Saturday, 31 August 2013

The Tavern, Cheltenham

Cheltenham, a fine English spa town found nestled on the edge of the Cotswolds, famous for its racecourse, promenade and Regency architecture. Of course it might have been helpful for the Ewing to have told me about her distaste for the latter before we actually arrived, instead of announcing it as we were pulling into the car park. But after driving for what felt like most of the morning, I wasn't going to let lack of appreciation for the local buildings spoil my appetite for lunch at the Tavern.

While the elegant, white painted stucco facades of Cheltenham’s terraces might not have appealed (I found them rather lovely), the Ewing was much more receptive to the Tavern’s mix of worn wood, dark leather and Moorish tiling. Indeed it’s a very fine looking pub, with all of the little touches - ‘proper’ gingham napkins, posh toiletries in the bathrooms and glass bottles of both still and sparkling water that arrive at the table unbidden – that make you feel pretty excited about the food coming out of the kitchen.

Our starters, from the bites menu, certainly promised good things to come. Their signature Spam fritters, nicely presented in an old tin of the reformed meat product, were great. Fatty, salty and encased in a proper fish shop batter, accompanied by a poky and piquant dipping sauce to cut through the richness. The marbled squid was beautiful; a summer mosaic on a plate. It was the kind of thing I could have quite happily eaten far, far more of, especially when scooped up onto the crispy bread and slathered in the first rate aioli it was served with.

The cracking beginning made the mains seem even more disappointing in comparison. My rib eye – from the grill menu that ranges from a flat iron steak through to a range of sharing cuts, including cote du boeuf, chateaubriand and t-bones-  a bit of a treat at £24, appeared rather grey, as though it had been gently simmered rather than given the fierce char-grilling that all steak deserves. While pleasingly pink inside, the lack of smoky crust on the steak’s exterior wasn’t helped by an absence of seasoning, or the strangely light and foamy béarnaise served alongside, that eluded any of the familiar thick, buttery glossiness.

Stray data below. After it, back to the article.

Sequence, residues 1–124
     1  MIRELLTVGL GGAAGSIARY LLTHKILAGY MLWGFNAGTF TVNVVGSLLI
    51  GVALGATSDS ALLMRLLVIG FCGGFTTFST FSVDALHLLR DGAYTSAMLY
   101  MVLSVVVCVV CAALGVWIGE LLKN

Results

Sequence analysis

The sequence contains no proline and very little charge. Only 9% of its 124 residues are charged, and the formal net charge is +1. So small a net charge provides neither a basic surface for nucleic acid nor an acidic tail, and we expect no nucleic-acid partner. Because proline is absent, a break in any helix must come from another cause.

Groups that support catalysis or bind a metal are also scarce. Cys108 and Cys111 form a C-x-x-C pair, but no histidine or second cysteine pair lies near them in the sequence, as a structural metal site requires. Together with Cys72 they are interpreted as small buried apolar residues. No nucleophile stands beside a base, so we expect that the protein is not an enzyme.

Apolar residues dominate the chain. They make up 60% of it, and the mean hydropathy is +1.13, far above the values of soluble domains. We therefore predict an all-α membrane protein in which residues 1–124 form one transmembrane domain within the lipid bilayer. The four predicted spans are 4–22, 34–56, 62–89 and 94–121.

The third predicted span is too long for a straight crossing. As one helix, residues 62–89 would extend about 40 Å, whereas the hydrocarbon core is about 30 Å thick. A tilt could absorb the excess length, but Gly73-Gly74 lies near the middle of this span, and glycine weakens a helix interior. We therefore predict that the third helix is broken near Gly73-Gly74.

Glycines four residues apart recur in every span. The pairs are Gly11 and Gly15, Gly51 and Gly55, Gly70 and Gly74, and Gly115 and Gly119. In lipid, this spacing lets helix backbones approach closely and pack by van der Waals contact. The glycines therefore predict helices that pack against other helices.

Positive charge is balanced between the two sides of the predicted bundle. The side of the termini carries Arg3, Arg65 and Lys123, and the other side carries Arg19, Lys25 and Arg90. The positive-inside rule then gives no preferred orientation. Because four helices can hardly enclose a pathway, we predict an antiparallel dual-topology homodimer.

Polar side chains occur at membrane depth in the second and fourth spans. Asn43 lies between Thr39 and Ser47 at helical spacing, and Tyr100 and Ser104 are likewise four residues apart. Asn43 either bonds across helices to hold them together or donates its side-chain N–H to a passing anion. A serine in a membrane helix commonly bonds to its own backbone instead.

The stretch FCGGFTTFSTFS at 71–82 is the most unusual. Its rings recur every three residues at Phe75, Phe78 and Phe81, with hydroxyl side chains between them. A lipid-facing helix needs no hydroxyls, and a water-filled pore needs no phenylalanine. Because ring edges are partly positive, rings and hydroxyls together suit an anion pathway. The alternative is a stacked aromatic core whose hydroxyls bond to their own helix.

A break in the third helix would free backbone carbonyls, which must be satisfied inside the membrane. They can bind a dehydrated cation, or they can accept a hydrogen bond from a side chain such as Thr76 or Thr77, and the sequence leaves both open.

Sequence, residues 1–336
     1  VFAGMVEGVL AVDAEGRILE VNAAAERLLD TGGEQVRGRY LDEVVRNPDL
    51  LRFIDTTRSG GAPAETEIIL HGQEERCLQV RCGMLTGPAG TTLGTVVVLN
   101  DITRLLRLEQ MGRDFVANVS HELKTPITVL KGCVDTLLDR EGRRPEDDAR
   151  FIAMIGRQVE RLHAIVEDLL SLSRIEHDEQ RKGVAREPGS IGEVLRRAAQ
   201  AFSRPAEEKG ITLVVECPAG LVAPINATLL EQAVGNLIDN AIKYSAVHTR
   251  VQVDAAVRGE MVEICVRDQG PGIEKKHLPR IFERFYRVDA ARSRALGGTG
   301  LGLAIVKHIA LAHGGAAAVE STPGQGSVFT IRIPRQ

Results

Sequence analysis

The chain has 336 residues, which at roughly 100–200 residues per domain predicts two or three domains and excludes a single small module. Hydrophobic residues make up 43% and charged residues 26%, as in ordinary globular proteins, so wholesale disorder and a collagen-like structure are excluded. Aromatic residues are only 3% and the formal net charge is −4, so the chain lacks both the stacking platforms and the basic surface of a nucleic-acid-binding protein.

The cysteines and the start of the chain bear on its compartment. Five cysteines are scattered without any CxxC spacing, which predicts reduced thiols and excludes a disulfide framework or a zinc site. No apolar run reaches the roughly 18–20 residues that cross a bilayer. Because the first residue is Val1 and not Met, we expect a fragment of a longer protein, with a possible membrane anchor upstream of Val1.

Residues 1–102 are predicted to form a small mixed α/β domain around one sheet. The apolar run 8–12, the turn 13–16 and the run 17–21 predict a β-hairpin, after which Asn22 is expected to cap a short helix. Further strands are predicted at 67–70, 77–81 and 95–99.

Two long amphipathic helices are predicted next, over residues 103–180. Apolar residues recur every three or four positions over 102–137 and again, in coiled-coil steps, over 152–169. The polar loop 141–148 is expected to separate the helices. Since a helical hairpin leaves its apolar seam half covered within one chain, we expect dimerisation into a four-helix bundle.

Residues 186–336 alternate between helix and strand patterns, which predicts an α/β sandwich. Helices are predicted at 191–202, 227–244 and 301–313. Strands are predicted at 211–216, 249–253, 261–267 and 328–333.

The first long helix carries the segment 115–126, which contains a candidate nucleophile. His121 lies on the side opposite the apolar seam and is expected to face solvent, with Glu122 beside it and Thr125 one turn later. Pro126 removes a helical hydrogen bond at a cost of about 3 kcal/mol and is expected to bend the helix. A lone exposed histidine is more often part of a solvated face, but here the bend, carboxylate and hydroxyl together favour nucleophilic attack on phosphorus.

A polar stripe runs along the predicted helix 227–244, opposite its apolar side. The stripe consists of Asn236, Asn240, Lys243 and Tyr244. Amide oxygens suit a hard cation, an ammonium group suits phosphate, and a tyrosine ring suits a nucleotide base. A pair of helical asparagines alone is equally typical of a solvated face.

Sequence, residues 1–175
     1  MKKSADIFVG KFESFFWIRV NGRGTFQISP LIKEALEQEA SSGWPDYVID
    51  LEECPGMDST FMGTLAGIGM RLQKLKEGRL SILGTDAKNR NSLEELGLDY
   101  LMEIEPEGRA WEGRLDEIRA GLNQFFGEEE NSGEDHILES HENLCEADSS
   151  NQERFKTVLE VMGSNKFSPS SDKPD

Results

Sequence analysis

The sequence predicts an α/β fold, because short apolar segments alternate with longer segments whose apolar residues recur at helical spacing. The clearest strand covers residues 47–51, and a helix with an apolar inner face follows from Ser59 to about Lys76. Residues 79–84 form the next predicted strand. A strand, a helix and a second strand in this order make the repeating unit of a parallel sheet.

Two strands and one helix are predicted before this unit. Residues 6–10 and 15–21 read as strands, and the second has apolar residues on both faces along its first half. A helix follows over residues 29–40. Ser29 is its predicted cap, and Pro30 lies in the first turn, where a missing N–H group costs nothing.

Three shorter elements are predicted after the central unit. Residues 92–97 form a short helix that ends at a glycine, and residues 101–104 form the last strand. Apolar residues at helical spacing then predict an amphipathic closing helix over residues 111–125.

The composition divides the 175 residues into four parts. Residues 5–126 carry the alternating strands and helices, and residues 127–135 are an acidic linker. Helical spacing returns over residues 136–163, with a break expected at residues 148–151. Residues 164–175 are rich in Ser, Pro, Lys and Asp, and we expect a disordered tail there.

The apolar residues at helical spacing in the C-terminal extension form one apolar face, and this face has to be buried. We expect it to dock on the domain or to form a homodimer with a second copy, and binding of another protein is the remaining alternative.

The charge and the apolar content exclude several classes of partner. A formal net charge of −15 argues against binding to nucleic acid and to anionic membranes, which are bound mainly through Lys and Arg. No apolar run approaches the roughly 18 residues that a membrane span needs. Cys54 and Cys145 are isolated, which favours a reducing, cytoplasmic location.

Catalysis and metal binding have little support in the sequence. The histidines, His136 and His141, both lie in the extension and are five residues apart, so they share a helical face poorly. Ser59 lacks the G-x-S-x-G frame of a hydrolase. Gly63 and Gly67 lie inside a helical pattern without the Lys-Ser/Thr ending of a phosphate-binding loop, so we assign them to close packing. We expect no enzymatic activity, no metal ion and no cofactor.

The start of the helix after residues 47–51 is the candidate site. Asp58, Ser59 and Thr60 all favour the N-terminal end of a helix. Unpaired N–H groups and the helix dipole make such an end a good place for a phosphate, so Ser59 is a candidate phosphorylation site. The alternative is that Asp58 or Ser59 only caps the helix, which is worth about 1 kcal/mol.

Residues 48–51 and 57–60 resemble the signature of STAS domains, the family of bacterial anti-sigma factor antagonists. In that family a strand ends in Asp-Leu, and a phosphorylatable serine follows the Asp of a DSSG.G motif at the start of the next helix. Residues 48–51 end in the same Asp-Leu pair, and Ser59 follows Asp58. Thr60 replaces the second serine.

Seasoning was a problem that also befell the Ewing’s burger; but, lack of sodium chloride aside, the patty was a good coarse grind, lettuce was shredded, the bun was bouncy and the cheese was Kraft. A solid effort, with all constituent parts present and correct, but lacking that little something. The rosemary shoestring fries, however, were monumental; a mix of crispy and soft, perfectly seasoned and impossible to stop eating.

Another decent accompaniment came in the form of the burnt end mash, which I was kindly allowed to swap for the advertised fries; chunks of tender beef nestling on top of fluffy potato and doused in a (very) piquant barbecue sauce. This looked rather lovely in its little enamel dish, and made a decent foil for my steak.

Things got firmly back on track with a pudding of shared hot chocolate ‘mousse’ with pistachio ice cream. The mousse turned out to be an, expertly timed, bitter chocolate fondant combining the perfect balance of a hot and gooey middle and crisp edges, and topped with an exemplary ball of smooth and nutty ice cream. It was also remarkably good value at £8, satisfying even the Ewing’s chocolate cravings.

While I couldn’t help feeling a little sad about my steak, I enjoyed our meal at the Tavern. It’s a lovely looking space with great, accommodating staff and an appealing menu that offers all the trendy fried things, burgers, dogs and French dips; as well as summery sounding plates such as rabbit papardelle with lemon and thyme; scallops with chorizo and sweet potato; whole roasted sea bass with anchovies and basil; and a wickedly Cara Maca cheesecake.